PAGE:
Direct evolution of genetic robustness in microRNA

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Genetic robustness, the invariance of the phenotype in the face of genetic perturbations, can endow the organism with reduced susceptibility to mutations. A large body of work in recent years has focused on the origins, mechanisms, and consequences of robustness in a wide range of biological systems. Despite the apparent prevalence of mutational robustness in nature, however, its evolutionary origins are still unclear. Does robustness evolve directly by natural selection or is it merely a correlated byproduct of other phenotypic traits? By examining microRNA (miRNA) genes of several eukaryotic species, we show that the structure of miRNA precursor stem-loops exhibits a significantly high level of mutational robustness in comparison with random RNA sequences with similar stem-loop structures. Hence, this excess robustness of miRNA goes beyond the intrinsic robustness of the stem-loop hairpin structure. Furthermore, we show that it is not the byproduct of a base composition bias or of thermodynamic stability. These findings suggest that the excess robustness of miRNA stem-loops is the result of direct evolutionary pressure toward increased robustness. We further demonstrate that this adaptive robustness evolves to compensate for structures with low intrinsic robustness.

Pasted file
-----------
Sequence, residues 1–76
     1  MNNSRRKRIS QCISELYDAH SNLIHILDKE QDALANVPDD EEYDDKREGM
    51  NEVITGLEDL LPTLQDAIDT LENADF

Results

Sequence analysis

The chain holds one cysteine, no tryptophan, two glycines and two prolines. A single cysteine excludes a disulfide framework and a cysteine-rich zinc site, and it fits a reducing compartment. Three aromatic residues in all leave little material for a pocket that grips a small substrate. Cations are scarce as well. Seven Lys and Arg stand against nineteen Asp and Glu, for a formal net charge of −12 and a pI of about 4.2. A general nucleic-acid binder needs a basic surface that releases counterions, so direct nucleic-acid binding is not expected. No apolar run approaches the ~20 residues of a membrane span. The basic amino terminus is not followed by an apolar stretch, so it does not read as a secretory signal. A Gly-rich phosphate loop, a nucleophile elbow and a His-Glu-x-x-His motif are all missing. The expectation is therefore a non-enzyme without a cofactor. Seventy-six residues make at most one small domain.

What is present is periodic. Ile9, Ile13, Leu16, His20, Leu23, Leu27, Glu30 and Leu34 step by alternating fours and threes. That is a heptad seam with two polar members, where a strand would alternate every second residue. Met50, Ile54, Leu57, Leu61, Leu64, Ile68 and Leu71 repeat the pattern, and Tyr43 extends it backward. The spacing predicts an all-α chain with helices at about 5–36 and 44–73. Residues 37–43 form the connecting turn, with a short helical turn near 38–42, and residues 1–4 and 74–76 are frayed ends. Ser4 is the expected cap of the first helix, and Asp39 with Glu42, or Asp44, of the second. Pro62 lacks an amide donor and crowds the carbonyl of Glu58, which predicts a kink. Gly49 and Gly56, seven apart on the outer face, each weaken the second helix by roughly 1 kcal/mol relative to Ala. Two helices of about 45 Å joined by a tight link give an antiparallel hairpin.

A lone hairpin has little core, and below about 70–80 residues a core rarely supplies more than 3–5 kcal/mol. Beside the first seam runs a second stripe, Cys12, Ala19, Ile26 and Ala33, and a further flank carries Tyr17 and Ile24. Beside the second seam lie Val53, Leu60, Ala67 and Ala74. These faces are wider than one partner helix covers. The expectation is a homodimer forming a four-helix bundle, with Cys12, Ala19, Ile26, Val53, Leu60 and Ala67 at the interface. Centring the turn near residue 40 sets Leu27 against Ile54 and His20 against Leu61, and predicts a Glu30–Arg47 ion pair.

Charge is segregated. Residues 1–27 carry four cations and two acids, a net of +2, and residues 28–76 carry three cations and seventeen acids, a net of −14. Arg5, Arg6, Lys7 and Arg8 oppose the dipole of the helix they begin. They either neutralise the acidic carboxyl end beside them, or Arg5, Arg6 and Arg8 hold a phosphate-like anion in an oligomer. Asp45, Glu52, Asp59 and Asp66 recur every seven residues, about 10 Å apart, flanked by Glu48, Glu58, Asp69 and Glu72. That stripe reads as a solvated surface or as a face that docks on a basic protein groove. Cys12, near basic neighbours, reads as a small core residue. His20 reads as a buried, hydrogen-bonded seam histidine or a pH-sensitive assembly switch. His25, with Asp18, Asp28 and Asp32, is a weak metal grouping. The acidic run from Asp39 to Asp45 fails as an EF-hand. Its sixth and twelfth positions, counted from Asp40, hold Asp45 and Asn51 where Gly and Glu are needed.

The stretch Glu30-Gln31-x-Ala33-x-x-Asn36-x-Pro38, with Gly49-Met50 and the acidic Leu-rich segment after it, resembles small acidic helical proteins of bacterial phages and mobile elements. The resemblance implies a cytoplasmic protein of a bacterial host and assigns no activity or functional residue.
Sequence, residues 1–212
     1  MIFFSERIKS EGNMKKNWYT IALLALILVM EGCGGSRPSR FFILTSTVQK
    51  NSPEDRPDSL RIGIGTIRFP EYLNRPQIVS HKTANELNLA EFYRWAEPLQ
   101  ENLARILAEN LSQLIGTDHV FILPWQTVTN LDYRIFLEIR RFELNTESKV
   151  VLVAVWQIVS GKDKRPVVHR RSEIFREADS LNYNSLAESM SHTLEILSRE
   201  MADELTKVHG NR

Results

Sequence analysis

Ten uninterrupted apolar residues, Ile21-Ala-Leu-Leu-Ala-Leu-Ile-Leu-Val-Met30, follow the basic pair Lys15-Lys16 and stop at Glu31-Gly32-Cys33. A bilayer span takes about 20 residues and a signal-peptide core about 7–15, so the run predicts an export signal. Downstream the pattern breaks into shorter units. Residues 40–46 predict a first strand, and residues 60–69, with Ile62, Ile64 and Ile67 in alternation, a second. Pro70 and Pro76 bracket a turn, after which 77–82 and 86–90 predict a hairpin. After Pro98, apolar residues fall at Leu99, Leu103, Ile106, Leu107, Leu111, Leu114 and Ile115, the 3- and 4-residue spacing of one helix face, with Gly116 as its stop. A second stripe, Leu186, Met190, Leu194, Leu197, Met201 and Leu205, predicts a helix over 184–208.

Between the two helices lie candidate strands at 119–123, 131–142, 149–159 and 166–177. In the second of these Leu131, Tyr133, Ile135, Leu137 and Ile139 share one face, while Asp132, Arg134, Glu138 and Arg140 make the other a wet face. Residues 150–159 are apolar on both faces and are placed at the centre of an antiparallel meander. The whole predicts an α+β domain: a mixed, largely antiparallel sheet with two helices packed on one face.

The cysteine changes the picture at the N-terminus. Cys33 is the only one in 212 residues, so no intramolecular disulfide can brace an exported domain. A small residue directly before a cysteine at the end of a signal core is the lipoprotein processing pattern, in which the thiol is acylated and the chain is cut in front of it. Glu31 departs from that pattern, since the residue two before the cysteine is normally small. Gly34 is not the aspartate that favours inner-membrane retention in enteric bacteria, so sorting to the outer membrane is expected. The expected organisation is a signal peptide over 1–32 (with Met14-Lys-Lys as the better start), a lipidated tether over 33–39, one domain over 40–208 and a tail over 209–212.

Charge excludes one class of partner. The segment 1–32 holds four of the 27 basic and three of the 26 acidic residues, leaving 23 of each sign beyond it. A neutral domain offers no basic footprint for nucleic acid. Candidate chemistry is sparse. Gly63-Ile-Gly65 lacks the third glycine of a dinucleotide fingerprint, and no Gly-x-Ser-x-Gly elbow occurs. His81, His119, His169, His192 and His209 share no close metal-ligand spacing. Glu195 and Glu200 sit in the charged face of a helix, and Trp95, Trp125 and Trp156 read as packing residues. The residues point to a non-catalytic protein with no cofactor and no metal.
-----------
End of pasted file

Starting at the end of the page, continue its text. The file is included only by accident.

Original languageEnglish
Pages (from-to)6593-6598
Number of pages6
JournalProceedings of the National Academy of Sciences of the United States of America
Issue number17
StatePublished - 25 Apr 2006


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